The professor-student relationship succeeds when both parties realize that class is a collaborative effort. Professors can adjust the day’s lesson according to their class, but the class can step up in their own way as well. There are few things more terrifying than a dead silent, discussion-based class at eight in the morning. Office hours, a clear syllabus and transparency on why students are being assigned the given material help to facilitate this two-way street.
Lillie Michael, a senior middle and secondary English education major, is studying to be certified to teach middle school through high school in English and ENL. The teacher-student relationships she builds look different than those between a college professor and their students, but they are equally as important. She adjusts the level of support that relationship entails based on the needs of her particular class.
“[If] parents or guardians don’t speak English, [you need to] make sure to establish a relationship still,” Michael said. “That includes sending an email that is translated into their primary language or meeting with them and a translator. You need to not only modify [for] the students’ needs but the guardian as well.”
Parents and guardians are an integral part of a student’s education at any level, but this is particularly true for the middle through high school age groups Michael works with. Parents and guardians facilitate everything before and after the school day. The communication between the educator and the student does not stop where the classroom stops. It continues on through all the structures that support students in school.
Michael’s willingness to adjust her class prioritizes the student experience. Meeting standards and requirements on paper does not directly translate to lasting learning for students. The educator is a mediator who transforms a set of goals into a deliverable lesson, in conjunction with their students. The community built from this process extends to the educator’s peers as well. There is collaboration at every level of education.
“Every GHS class is developed by a handful of professors at once,” Jorgensen said. “You might have only one person teaching it next semester, but the idea is [that] because GHS is part of the core [curriculum], we need it to be sustainable. You need multiple people who can teach it.”
Sustainable is the key word. Professors are able to learn from each other’s successes and mistakes and hopefully improve their GHS year by year. A diversity of teaching methods casts a wider net that targets multiple learning styles.
These elements bring longevity not only to the class but also to the professors who teach it. Starting each year from a blank slate would be a Herculean task. Moreover, burnout is a serious issue for educators who may be stretched thin and navigating complex laws that regulate what they can teach. Professors are able to lean on each other and share resources so that each curriculum becomes a quilt of influences and texts. This resource sharing can be via online forums, academic literature or at the coffee machine.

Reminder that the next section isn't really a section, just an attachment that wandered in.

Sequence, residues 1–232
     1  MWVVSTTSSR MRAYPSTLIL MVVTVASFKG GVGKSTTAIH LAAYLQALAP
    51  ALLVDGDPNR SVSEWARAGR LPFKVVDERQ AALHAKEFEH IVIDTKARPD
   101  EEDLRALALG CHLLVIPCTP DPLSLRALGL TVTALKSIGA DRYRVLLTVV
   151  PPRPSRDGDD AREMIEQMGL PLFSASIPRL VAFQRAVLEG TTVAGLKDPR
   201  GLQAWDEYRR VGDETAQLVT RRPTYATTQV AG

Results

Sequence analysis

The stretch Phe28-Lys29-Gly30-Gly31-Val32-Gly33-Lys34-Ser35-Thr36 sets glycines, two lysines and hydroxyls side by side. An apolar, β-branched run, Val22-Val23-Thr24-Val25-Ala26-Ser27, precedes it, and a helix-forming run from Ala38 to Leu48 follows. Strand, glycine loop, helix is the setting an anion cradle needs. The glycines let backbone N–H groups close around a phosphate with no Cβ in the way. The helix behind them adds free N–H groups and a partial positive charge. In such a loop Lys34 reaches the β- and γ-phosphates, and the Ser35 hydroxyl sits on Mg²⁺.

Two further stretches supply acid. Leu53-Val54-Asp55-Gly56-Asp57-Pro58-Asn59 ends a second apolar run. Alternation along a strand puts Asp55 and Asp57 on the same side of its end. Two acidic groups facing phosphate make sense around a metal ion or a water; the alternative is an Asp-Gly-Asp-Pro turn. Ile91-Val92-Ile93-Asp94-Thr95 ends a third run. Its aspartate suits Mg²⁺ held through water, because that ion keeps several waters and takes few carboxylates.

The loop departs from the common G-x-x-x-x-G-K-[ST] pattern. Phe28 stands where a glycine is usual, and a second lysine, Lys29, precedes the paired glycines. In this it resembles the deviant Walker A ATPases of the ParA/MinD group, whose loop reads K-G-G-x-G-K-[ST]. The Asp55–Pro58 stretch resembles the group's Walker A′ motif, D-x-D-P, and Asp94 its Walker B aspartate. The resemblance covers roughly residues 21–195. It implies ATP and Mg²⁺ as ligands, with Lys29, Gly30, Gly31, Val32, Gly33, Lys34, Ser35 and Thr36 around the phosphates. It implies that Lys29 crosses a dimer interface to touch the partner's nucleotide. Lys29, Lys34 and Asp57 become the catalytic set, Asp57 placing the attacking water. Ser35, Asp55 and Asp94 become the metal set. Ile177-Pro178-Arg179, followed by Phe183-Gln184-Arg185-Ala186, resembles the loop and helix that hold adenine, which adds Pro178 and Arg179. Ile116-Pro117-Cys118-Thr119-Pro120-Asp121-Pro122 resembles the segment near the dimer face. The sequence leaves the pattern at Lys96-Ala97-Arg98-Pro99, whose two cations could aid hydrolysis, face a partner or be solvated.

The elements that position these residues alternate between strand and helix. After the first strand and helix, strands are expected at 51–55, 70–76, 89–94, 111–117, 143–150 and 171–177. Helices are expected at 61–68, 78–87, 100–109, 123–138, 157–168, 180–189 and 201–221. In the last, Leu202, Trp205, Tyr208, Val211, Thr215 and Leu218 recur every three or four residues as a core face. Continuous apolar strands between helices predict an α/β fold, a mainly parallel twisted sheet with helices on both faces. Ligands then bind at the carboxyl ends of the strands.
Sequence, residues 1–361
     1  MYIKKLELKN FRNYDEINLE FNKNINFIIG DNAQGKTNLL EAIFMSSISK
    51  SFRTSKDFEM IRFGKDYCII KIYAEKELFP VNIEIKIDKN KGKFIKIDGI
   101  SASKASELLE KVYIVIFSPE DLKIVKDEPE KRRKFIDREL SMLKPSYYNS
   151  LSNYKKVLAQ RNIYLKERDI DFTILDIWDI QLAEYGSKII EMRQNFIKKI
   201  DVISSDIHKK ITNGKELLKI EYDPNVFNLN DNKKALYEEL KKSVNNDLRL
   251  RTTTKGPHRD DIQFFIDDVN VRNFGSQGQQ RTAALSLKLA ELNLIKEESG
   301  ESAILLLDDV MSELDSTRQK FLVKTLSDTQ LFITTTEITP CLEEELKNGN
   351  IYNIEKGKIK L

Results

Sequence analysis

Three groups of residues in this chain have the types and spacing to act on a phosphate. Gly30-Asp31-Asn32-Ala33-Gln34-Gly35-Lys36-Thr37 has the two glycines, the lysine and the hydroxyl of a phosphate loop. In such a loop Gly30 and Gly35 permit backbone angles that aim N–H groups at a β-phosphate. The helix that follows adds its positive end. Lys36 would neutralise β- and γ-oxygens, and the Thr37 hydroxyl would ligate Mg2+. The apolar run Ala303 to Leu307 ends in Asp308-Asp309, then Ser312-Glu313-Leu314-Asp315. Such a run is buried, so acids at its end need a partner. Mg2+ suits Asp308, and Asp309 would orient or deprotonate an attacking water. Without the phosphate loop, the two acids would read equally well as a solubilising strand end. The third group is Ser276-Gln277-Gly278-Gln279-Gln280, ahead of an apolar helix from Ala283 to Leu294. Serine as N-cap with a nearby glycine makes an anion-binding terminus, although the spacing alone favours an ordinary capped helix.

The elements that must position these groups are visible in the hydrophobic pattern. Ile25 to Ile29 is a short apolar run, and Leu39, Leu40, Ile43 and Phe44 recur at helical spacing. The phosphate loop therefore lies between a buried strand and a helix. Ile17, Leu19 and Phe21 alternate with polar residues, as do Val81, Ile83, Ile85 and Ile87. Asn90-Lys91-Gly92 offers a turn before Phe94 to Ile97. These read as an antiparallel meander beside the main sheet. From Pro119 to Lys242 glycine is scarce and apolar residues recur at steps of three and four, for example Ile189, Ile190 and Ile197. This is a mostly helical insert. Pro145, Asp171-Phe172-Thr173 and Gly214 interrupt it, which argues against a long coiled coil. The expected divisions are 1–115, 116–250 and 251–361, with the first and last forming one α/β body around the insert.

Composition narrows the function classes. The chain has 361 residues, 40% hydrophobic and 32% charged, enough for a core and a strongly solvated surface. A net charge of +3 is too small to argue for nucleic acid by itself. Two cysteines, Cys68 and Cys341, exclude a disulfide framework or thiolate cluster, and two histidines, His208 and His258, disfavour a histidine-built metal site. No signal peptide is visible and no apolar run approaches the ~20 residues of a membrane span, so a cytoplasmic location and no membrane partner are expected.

McRoberts often searches for lesson plans that other teachers have posted online before she crafts her own. Websites such as Teachers Pay Teachers provide forums for teachers to share resources with other teachers while being compensated for their work. Michael modifies the lesson plans she finds to meet the needs of her class and the specific requirements of the school she is working in.
“[The internet] is a collaborative space,” Michael said. “That’s how ideas spark, and education is always changing. It’s nice to know what other teachers around the world and in the U.S. are doing.”
The community element becomes not only a perk of teaching but a necessity. Working with other teachers is more than a social activity that lightens the load on individual teachers. It is a key part of the job that ensures students receive an education that incorporates what the best and brightest in a given field are thinking. These are the bonds that keep educators coming back, even when the pay is low and the demands placed upon them rise.
“Education is very collaborative,” McRoberts said. “My mom is a teacher, so she has sent me her stuff before to draw inspiration from. [Teachers] don’t want to develop an entirely new course every single year.”
Students benefit when educators draw from a wide array of inspirations and pool the knowledge they have built up over the years. That inspiration takes place in the bowels of Irwin Library as often as it does over lunch. The power of a curriculum to shape future educators and the general student body means it is worth asking professors why they added a particular material to their curriculum. There may just be a rich history of debate and collaboration submerged right beneath the text of last week’s homework.